Mating behaviors of the predaceous spined soldier bug, Podisus maculiventris (Say) (Pentatomidae: Asopinae), were observed, and vibrational signals used in intraspecific communication were recorded and analyzed. Only males produced vibrational signals, using three different vibrational modes: vibration of the abdomen, percussion with the front legs, or tremulation of the body. When recorded on a nonresonant substrate (a loudspeaker membrane), the mean dominant frequency of signals produced by abdominal vibration varied between 90 and 140 Hz, and of tremulatory signals between 8 and 22 Hz. Percussion signals were broad-band, with the dominant frequency ≈97 Hz and lower amplitude spectral peaks between 1,500 and 3,000 Hz. In the courtship phase of mating behavior, males emitted pulse trains composed of an abdominal vibration after a tremulatory pulse. Females stimulated by signals of abdominal vibration and composite signals expressed searching behavior and orientation toward the source of vibration, whereas no specific reaction to tremulatory signals was observed. Observations of mating behavior and playback experiments showed that the abdominal vibration signals had both long range calling and short range recognition functions. Tremulatory signals were emitted at close range and were essential for copulation to occur. The sequences of fast and repeated percussion signals were emitted both as individual signals during calling and courting or between vibratory and tremulatory pulses. However, unlike the other vibrational signals, percussion did not seem to be emitted in a particular behavioral context, and its possible function in eliciting responses from females is unclear.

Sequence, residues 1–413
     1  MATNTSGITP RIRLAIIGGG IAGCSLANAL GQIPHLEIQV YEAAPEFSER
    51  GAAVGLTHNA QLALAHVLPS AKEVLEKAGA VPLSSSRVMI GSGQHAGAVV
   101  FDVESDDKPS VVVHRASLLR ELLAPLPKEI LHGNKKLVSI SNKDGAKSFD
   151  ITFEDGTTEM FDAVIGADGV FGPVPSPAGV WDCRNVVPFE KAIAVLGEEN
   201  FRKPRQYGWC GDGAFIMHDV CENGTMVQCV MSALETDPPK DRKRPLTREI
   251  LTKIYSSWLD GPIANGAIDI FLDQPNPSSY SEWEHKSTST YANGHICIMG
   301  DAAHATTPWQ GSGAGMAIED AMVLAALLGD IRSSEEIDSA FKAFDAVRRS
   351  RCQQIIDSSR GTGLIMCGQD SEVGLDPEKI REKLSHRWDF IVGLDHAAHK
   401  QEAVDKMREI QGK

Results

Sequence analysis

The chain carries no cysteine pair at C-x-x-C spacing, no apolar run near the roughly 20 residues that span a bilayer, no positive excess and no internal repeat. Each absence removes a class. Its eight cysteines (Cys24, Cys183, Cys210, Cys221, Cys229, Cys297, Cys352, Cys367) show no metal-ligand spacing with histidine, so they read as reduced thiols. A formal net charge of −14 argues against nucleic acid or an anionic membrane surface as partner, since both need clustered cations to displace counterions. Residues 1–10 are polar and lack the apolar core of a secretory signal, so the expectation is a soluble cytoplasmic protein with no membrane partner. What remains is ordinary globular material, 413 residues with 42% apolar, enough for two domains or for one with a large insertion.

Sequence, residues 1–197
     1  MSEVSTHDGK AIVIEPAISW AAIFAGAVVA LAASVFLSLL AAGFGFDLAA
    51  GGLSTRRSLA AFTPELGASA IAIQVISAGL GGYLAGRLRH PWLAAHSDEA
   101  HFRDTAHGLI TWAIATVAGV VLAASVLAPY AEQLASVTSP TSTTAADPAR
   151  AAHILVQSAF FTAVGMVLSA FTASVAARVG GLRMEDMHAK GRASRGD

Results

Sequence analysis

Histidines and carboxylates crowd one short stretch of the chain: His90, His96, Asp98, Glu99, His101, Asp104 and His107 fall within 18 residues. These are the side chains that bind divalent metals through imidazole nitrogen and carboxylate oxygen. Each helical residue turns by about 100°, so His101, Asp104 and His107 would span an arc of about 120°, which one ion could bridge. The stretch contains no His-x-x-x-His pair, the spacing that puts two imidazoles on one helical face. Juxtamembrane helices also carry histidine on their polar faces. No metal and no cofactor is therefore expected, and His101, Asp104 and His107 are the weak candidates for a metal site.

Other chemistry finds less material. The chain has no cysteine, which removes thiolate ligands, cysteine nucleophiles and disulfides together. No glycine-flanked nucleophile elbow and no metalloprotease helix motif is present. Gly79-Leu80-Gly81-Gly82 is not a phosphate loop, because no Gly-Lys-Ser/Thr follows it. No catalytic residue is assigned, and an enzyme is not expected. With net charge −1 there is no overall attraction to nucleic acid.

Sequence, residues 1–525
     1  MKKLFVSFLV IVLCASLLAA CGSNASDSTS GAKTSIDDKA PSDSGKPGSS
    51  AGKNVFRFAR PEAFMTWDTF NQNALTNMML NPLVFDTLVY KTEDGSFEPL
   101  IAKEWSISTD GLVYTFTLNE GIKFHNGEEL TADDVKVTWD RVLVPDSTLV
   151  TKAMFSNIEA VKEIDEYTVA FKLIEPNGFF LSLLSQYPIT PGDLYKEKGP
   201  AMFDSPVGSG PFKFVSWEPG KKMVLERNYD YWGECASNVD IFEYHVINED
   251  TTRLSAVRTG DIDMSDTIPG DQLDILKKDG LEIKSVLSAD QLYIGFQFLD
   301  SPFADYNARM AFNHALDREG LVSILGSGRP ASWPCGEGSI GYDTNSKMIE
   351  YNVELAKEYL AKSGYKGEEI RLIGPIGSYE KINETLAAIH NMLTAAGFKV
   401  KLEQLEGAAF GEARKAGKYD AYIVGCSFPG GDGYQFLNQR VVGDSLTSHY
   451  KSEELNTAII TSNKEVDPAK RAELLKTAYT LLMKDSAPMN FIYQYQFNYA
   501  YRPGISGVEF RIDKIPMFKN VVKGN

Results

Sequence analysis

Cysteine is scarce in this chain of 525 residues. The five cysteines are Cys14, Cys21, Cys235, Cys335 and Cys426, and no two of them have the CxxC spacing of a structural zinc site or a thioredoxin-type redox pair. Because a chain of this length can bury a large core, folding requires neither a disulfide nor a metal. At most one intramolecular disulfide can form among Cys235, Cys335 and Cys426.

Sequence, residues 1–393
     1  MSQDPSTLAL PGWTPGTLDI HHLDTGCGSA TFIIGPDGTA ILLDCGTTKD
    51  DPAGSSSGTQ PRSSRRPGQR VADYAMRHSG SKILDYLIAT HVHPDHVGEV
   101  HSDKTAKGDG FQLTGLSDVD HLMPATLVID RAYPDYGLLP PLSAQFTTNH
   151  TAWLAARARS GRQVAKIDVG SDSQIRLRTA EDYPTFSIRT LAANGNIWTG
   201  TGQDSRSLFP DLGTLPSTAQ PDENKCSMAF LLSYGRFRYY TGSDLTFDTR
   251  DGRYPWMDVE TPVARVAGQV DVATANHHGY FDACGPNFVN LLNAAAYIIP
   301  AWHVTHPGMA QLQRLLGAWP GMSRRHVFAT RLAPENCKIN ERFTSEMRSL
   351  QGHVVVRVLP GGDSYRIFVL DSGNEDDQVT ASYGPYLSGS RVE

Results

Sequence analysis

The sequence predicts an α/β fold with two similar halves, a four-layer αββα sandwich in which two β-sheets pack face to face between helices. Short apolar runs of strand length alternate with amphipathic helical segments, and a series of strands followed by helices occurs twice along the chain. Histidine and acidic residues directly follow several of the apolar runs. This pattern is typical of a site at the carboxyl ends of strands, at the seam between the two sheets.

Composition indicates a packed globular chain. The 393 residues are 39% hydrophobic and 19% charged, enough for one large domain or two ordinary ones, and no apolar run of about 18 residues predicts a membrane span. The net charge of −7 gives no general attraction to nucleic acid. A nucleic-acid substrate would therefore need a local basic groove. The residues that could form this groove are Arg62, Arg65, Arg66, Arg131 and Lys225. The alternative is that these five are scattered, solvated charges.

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Vol. 101 • No. 6